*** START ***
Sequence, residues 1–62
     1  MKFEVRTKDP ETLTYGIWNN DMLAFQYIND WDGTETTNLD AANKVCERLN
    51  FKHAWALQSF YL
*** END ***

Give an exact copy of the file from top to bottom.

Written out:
Sequence, residues 1–62
     1  MKFEVRTKDP ETLTYGIWNN DMLAFQYIND WDGTETTNLD AANKVCERLN
    51  FKHAWALQSF YL